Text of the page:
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With roots in Tampere, Finland; Småland, Sweden; Ottawa, Kansas; and The Netherlands, Kalmar has grown through a complex and eventful evolution to become the company it is today.


The Kalmar story starts in the 1940s

Kalmar’s history can be traced back to the 1940s, when the first straddle carrier for industrial application was built in Härmälä, near Tampere, Finland. After WWII, Valtion Metallitehtaat (State Metal Factories), which had previously focused on manufacturing and maintaining aircraft and locomotives, was renamed Valmet in 1951. As a part of the war reparations paid by Finland to the Soviet Union in the 1950s, Valmet's Härmälä factory received an order for 500 lumber carriers, which was an early precursor of the container straddle carrier that would eventually dominate the global logistics industry.


Forklift revolution begins in Småland, Sweden in 1949

The origins of forklifts can be traced back to Sweden's Småland region, where in 1949, the first forklift for use at a local sawmill was built in a small workshop in the town of Lidhult. Lidhults Mekaniska Verkstad (LMV) began serial production in 1952, and it later expanded into port operations, introducing a patented solution that equipped trucks with six wheels on each axle instead of the usual four.



World's first terminal tractor for moving trailers in ports, terminals, warehouses, and distribution facilities built in 1958

Kalmar's line of terminal tractors originated in the town of Ottawa, Kansas, in the central United States, where Ottawa Steel introduced the world's first terminal tractor in 1958 for moving trailers in ports, terminals, warehouses, and distribution facilities.


First prototypes for container straddle carriers in 1976

By the 1970s, containerisation had begun to reshape the global logistics industry. In Finland, Valmet introduced its first prototypes for container straddle carriers in 1976. Evolving into the Kalmar Classic Straddle Carrier, over 2,500 units were delivered over the following four decades, with many still operational today.


Introducing the first electric forklift in 1980

Kalmar introduced the first electric forklift in 1980.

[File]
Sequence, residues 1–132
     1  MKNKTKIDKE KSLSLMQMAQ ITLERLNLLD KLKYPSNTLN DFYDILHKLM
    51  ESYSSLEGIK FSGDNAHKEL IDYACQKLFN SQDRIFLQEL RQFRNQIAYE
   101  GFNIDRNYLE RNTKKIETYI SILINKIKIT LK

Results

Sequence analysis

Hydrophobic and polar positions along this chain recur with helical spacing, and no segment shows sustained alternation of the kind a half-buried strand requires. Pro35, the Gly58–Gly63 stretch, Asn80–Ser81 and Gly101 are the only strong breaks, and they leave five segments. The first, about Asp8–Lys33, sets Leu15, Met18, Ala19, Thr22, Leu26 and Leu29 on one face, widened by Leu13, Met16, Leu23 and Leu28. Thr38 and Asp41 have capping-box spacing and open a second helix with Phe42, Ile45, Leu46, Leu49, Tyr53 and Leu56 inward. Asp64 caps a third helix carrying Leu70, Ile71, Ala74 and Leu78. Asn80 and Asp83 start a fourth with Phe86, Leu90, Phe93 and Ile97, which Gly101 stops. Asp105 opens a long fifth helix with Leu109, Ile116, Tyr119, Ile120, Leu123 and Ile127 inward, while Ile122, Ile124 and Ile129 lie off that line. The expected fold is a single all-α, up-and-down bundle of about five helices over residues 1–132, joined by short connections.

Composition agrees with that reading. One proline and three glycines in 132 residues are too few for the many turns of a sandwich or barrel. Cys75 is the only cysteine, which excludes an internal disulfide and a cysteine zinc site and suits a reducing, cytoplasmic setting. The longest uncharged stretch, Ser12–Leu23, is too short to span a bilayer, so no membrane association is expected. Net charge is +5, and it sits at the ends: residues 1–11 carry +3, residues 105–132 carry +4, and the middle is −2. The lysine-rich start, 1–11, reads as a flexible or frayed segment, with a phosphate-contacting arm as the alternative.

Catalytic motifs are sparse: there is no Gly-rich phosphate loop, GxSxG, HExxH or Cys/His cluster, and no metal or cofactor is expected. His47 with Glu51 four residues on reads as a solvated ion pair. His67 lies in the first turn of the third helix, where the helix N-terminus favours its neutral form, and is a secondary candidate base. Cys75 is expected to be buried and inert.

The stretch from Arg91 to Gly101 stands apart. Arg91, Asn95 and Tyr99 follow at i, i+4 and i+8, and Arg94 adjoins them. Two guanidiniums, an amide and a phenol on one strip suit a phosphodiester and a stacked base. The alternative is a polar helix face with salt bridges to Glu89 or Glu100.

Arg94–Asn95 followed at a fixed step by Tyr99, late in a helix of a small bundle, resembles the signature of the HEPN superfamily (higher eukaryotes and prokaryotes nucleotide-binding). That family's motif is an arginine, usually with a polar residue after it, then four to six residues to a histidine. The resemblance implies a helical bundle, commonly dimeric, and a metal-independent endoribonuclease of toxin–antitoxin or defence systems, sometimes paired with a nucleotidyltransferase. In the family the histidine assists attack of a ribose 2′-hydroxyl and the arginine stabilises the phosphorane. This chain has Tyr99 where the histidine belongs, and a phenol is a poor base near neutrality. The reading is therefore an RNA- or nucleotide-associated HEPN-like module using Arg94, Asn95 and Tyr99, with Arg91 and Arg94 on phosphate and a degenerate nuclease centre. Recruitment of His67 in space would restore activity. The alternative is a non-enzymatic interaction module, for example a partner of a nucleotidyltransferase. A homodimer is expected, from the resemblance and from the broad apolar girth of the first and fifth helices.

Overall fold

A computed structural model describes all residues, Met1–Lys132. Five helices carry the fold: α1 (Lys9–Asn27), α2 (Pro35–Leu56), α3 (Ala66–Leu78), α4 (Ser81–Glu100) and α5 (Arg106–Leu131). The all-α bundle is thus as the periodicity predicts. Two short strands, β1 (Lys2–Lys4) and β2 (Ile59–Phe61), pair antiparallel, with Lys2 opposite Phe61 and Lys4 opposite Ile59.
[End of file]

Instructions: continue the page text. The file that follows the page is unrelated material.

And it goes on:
Kalmar taking shape in Sweden

In 1974, LMV was acquired by the state-owned company Kalmar Verkstad AB, which, a year later, acquired Ljungbytruck. Together, the companies, now called Kalmar LMV, were able to compete on an equal footing with leading US-based manufacturers. Throughout the 1980s, Kalmar LMV experienced consistent growth in international markets, and by the mid-decade, it had sales and service in over 50 countries and produced an unrivalled range of counterweight trucks. Following the company's growth and several ownership changes, it was renamed Kalmar Industries and listed on the Stockholm stock exchange in 1994.


The first reachstacker prototype in 1985

In 1985, Kalmar completed the first prototype reachstacker, with commercial deliveries beginning the following year. This versatile machine would become a mainstay in the global logistics industry, with each generation of machines expanding its handling capacity.

Laying the groundwork for today's Kalmar in the 1990s

In the 1990s, several mergers and acquisitions laid the groundwork for today's Kalmar, a global entity weaving together industrial legacies from Sweden, Finland, and the USA. In 1994, the Finnish state-owned corporation Sisu acquired Ottawa Trucks, as well as Valmet's material handling business. In 1997, Finland-based Partek, in turn, acquired Sisu Terminal Systems along with a majority share in Kalmar Industries, merging the two companies. By 2000, Kalmar Industries had become fully owned by the Finnish Partek and was delisted from the Stockholm stock exchange.


Expanding the portfolio with container spreaders in 2000

Partek's acquisition of a Swedish container spreader manufacturer, Bromma, in 2000 further expanded Kalmar's portfolio. Founded in 1965, Bromma invented the telescopic spreader, which enables terminals to accept containers of different sizes without changing the spreader for every lift. Today, this design still rules the world of spreaders.